“We have so much data, but no answers.” This phrase echoes down the halls of all of the larger clients with whom we meet. In a quantitative world, where there is every dimension of research and analysis available, unreality multiples.
The business world is drowning in data and, by the level of panic and anxiety, lost its rudder.
The ability to have machines figure out existing systems, such as playing chess or optimizing a logistics supply chain, is a great boon to humanity—and it is the role of proper and attentive management. But even the smartest predictive analytics cannot provide answers that move customers or consumers, nor can they re-imagine an industry, nor can they redesign a service experience.
Yet, we expect Big Data to act like Santa Claus with a Calculator, granting us every greedy wish we can conjure and to answer our unexplored and unmet needs as well.
We have entrusted the most ingenious and inventive humanity to a faster processor rather than to a whole-brained mix of human intuition, creativity, tempered with reason and business savvy.
No machine can empathize with clients and prospects. For this obvious reason, human-centric design is the foremost competitive leverage any company can employ. A machine, at the end of the day, will work off the inputs you provide, whereas real people will convey depth, feeling, trust, preference, and imagination.
Big data quantitative modeling has its place at the table, but don’t expect any of the “insights” to tell you how to grow, how to innovate, and how to make critical new product decisions.
You can drown in the ocean of big data looking for such answers. These answers will not present themselves fully as the output of a machine.
Therefore, ensure that these steps are part of your overall strategic process:
- Employ people who know how to interpret data on behalf of your organization. Ideally, a team of number crunchers, marketers, and social scientists should review the trends together. With this mix you can spot the trends, create concepts on how to capitalize on them, and understand some of the factors at hand. Figure out what questions to explore more deeply is the key work at this stage.
- Talk with consumers (customers in a B-2-B world) about the trends you are discovering. Once you have ferreted out the right questions and have some heuristics indicating a shift in buying patterns and behavior, it is best to talk to real people about the trends and how they are affecting them. Try a mix of consumer empathy intercept interviews, co-creation workshops, and group conversations about the changing landscape. Respect them. Empathize. Not force a point or agenda at this stage.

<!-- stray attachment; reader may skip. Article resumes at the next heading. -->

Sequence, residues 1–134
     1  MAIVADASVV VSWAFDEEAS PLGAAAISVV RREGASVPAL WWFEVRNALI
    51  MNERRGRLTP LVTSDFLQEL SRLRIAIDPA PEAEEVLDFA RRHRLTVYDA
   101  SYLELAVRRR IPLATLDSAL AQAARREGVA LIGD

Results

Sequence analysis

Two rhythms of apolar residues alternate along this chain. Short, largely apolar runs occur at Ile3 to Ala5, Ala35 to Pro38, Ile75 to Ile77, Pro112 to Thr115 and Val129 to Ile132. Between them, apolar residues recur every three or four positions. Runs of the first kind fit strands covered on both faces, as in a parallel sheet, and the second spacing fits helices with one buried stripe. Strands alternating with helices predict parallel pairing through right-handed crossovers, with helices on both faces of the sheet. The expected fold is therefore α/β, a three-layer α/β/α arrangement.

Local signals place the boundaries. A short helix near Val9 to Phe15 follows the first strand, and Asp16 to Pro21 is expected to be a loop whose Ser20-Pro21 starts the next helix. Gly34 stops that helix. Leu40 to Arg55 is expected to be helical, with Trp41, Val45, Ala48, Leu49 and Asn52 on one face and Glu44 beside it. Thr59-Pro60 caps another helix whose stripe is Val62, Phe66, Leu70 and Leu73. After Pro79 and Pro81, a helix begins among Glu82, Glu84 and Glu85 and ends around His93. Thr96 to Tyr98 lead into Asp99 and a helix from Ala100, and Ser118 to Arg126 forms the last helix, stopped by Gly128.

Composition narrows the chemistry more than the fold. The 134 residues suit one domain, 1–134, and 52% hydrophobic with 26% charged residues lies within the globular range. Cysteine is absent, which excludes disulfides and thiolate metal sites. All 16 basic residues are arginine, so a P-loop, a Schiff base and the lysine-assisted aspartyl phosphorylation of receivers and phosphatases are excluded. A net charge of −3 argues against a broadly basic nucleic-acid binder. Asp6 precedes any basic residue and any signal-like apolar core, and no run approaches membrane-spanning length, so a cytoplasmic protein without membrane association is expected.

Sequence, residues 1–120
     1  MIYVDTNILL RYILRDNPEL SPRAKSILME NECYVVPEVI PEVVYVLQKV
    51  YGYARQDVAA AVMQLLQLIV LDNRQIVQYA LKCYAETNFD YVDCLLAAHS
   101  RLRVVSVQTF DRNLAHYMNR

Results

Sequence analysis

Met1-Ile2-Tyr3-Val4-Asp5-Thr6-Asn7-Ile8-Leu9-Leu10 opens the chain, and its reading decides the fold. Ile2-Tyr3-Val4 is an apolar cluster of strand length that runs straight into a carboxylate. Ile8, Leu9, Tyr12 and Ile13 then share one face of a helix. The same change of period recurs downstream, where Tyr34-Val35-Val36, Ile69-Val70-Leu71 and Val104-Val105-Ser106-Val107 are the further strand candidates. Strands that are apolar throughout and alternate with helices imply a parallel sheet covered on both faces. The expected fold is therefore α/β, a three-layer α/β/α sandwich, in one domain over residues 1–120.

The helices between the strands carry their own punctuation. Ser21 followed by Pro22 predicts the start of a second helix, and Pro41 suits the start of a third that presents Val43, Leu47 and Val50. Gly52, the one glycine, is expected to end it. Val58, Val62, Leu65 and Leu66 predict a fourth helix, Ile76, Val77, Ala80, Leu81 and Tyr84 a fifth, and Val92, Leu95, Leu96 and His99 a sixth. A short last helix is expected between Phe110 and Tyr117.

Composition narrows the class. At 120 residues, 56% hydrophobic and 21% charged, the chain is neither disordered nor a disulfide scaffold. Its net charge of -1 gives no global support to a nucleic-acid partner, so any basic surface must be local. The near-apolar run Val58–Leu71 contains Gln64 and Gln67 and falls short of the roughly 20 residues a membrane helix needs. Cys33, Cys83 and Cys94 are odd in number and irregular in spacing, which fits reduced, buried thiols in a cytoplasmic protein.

- Sketch new concepts, new products, and new experiences. After you break down what the data is implying from various viewpoints and get a real sense of the market, new concepts of products and services can be generated, tested, refined, then measured and brought to the market. This is a human act of creation. Getting user feedback and making adaptive revisions is part of the cycle.
In the wonderful, recursive, messiness of our humanity, there is an unlimited resource of creativity. Tap into it to spark something new to life.
Big data is a great asset, but becomes more valuable when coupled with the messy creative process that has to power to transform people and companies.
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Michael Graber is the co-founder and managing partner at Southern Growth Studio, a Memphis, Tennessee-based firm that specializes in growth strategy and innovation. A published poet and musician, Graber is the creative force that complements the analytical side of the house. He speaks and publishes frequently on best practices in design thinking, business strategy, and innovation and earned an MFA from the University of Memphis. Follow Michael @SouthernGrowth